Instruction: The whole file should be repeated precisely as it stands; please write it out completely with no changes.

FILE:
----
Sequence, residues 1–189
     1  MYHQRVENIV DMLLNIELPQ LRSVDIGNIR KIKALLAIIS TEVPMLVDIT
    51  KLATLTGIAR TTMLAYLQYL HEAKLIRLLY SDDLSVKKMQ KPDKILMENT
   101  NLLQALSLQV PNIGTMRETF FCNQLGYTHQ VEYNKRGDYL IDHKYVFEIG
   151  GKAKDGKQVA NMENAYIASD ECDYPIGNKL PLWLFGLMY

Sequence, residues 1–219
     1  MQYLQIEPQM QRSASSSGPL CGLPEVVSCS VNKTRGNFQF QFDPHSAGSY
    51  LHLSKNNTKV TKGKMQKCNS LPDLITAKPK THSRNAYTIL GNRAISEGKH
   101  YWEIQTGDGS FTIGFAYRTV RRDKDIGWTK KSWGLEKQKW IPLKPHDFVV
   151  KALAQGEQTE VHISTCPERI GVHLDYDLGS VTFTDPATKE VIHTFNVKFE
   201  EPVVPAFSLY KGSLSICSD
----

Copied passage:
Sequence, residues 1–189
     1  MYHQRVENIV DMLLNIELPQ LRSVDIGNIR KIKALLAIIS TEVPMLVDIT
    51  KLATLTGIAR TTMLAYLQYL HEAKLIRLLY SDDLSVKKMQ KPDKILMENT
   101  NLLQALSLQV PNIGTMRETF FCNQLGYTHQ VEYNKRGDYL IDHKYVFEIG
   151  GKAKDGKQVA NMENAYIASD ECDYPIGNKL PLWLFGLMY

Sequence, residues 1–219
     1  MQYLQIEPQM QRSASSSGPL CGLPEVVSCS VNKTRGNFQF QFDPHSAGSY
    51  LHLSKNNTKV TKGKMQKCNS LPDLITAKPK THSRNAYTIL GNRAISEGKH
   101  YWEIQTGDGS FTIGFAYRTV RRDKDIGWTK KSWGLEKQKW IPLKPHDFVV
   151  KALAQGEQTE VHISTCPERI GVHLDYDLGS VTFTDPATKE VIHTFNVKFE
   201  EPVVPAFSLY KGSLSICSD